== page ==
ADHD Couples

Smell and Intimacy in ADHD Relationships I11 Oct

Robert Wilford, Ph.D. and Sarah Ferman, Psy.D., L.M.F.T.

Individuals with ADHD (Attention Deficit Hyperactivity Disorder) can experience a wide variety of symptoms: difficulty concentrating, poor memory, inattentiveness, and hyperactivity, among others. The tendency for ADHD patients to get distracted occurs in a number of contexts, but is perhaps most devastating when it comes to connecting with their partner.

The most important person in your life is usually your partner or spouse, and one of the most meaningful and special ways to share your love is to be intimate with him or her. Unfortunately, it can be hard to enjoy intimacy when you’re not fully present in the moment. An ADHD patient suffers from the inability to filter incoming stimuli. In other words, it’s exceedingly easy to get distracted.

Distractions can take many forms, but one of the most powerful of all distractions is right under your nose. More than other individuals, ADHD patients are highly sensitive to sensory input, and that is especially true with smells. When you and your partner are ready to get intimate, the last thing you want is for one of you to be distracted by something else. This possibility might seem a little frivolous to someone without ADHD, but a smell can grab an ADHD patient’s attention and refuse to let go.

Imagine that it’s a nice day outside, and you’ve decided it would be fun to ride to work. When you mount your bike and start pedaling, you hear a strange click. You see that the gears are a little rusty, and every time you do a full revolution with your pedals, it produces a sharp clicking noise. If you don’t have ADHD, you might notice this noise and make a mental note to get it checked out—and then, you’d just ignore it for the rest of the ride. In this same situation, individuals with ADHD would find it very challenging to ignore that little clicking sound as they ride their bikes to work. It would be hard to concentrate on the beautiful scenery or the nice weather. Instead, it would just be: Click! Click! Click!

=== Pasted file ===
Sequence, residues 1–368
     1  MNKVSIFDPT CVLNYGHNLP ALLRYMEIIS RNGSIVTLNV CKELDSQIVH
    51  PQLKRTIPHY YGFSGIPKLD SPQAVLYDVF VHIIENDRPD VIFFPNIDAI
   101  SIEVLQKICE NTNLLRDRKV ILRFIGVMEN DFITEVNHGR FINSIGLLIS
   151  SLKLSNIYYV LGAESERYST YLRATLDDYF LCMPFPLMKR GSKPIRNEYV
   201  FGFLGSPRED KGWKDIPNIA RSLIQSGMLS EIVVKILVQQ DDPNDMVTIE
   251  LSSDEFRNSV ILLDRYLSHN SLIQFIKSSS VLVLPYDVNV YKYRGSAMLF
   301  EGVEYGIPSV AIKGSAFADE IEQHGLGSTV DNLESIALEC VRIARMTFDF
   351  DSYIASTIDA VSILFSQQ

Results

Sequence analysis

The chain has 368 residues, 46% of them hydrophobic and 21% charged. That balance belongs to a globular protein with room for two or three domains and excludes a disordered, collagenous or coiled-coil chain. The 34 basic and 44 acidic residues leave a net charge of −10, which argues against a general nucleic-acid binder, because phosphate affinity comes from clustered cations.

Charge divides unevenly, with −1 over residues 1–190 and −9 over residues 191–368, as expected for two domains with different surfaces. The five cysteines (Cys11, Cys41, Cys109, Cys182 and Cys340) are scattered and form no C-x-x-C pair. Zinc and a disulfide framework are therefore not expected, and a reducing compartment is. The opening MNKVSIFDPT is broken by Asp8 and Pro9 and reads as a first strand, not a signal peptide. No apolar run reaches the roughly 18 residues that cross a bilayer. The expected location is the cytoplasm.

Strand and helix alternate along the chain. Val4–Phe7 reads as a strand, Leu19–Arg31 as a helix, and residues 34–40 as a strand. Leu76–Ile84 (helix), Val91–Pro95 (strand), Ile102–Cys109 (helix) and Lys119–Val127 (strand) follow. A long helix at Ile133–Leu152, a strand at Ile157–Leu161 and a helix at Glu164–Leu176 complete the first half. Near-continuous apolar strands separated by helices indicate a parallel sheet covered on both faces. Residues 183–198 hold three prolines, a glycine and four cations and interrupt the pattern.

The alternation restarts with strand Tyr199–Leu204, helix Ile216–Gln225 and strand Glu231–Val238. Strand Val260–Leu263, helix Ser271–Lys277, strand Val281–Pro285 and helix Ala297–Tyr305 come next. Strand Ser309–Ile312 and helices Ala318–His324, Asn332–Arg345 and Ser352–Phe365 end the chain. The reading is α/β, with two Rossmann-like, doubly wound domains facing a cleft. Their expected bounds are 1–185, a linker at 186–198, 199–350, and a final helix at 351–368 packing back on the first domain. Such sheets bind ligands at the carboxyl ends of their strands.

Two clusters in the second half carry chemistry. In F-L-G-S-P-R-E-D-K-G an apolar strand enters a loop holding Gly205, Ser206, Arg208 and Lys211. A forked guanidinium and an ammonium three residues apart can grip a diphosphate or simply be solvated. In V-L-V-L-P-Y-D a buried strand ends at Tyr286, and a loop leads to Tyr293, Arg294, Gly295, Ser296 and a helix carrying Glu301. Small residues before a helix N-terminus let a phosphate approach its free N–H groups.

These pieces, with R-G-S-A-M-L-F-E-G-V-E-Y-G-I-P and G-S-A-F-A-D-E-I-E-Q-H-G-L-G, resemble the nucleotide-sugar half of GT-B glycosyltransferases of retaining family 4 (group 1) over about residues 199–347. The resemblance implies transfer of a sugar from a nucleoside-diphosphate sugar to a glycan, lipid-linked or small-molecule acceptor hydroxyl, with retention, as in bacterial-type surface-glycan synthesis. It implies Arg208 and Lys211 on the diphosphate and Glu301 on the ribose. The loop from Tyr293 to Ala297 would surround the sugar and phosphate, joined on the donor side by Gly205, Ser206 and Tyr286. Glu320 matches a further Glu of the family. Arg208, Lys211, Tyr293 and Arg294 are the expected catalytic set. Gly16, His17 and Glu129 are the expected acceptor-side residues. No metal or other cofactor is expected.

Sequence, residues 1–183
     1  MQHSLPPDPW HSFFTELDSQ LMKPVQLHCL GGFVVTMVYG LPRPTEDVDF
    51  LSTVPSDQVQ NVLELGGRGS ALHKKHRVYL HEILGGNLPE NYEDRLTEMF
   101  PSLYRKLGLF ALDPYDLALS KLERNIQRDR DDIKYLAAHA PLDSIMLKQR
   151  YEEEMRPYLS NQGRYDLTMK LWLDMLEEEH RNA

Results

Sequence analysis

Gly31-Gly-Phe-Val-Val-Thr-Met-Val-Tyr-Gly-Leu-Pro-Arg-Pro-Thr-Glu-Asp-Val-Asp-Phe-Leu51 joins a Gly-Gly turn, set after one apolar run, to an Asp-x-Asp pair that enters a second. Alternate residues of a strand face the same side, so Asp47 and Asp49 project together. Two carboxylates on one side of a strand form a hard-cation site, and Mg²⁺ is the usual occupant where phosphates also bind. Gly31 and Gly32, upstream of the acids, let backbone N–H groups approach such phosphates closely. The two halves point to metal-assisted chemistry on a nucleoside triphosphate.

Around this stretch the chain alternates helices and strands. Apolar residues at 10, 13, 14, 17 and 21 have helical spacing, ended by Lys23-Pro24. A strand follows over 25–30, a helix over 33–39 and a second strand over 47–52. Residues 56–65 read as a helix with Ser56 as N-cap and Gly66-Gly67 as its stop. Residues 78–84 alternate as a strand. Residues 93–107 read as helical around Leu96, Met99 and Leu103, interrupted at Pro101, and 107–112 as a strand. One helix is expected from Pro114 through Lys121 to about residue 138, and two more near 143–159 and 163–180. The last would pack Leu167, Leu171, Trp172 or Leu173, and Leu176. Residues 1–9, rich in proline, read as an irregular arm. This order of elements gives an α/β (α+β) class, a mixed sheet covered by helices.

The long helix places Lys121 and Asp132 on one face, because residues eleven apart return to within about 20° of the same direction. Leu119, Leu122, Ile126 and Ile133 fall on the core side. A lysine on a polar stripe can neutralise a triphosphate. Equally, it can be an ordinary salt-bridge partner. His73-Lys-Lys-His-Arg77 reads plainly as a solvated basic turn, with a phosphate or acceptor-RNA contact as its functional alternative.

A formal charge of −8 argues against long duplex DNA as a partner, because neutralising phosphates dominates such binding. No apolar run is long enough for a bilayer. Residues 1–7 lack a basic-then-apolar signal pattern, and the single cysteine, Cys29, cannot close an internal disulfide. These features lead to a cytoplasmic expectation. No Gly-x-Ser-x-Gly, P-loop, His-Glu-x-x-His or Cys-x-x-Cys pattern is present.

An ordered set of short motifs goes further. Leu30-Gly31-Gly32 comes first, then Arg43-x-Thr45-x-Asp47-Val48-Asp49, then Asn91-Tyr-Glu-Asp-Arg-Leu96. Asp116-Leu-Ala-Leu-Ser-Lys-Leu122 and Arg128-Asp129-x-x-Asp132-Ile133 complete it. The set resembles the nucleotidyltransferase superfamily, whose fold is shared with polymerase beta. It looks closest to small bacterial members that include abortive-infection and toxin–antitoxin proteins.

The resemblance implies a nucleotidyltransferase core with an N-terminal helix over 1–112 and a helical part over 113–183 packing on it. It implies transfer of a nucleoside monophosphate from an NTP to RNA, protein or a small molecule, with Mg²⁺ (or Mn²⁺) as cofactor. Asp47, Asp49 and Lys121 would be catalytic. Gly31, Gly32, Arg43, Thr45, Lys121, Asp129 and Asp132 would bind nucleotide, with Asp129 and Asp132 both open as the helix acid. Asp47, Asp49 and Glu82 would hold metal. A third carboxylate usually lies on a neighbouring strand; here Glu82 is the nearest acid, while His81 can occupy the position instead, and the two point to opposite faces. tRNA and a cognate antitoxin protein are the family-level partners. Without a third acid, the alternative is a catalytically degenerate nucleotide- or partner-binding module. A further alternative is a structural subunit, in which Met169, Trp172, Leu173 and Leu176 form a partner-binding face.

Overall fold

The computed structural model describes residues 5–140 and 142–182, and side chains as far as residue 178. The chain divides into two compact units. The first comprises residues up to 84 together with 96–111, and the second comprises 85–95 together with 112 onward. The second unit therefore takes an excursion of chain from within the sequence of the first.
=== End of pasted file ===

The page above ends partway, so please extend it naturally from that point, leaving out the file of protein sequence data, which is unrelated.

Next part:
This tendency to get distracted by incoming stimuli applies to smells, too, but it’s even more pronounced. Smells are highly potent. Recalling a certain smell can take you back decades, like the smell of Grandma’s special fudge or the smell of your first date’s perfume/cologne. For the ADHD patient, no matter where in the house you are, if you detect a strong smell, it’s always there in the back of your mind. You find it difficult to concentrate on anything else while you still notice this particular smell, including making love to your partner. That’s not only a serious problem for the ADHD patient, but also profoundly depressing.

So, what can you do to fix it? First of all, communication is key. It’s important to be open and honest about the problem. If you or your partner has ADHD and feels acutely sensitive to smells, be sure to discuss it in a nonjudgmental manner. Be clear with each other that the issue of sensitivity to smell exists, and that you’re both determined to find a workaround or solution.


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Most medical doctors who treat ADD/ADHD do so as part of a larger practice. ADHD Specialists focuses primarily on only treating ADD and related conditions. This intense focus allows us to continually sharpen our clinical skills, attend specialized training, utilize the latest therapies, and build our process to meet the specific needs of our clients.

Often medical, testing and counseling services are all separately owned and located practices. It just does not make sense to have to travel from one location to another to treat the same condition. Besides the issue of time and travel, how cohesive and effective is care being delivered in multiple locations by multiple, unrelated providers who don’t have time to talk to each other?

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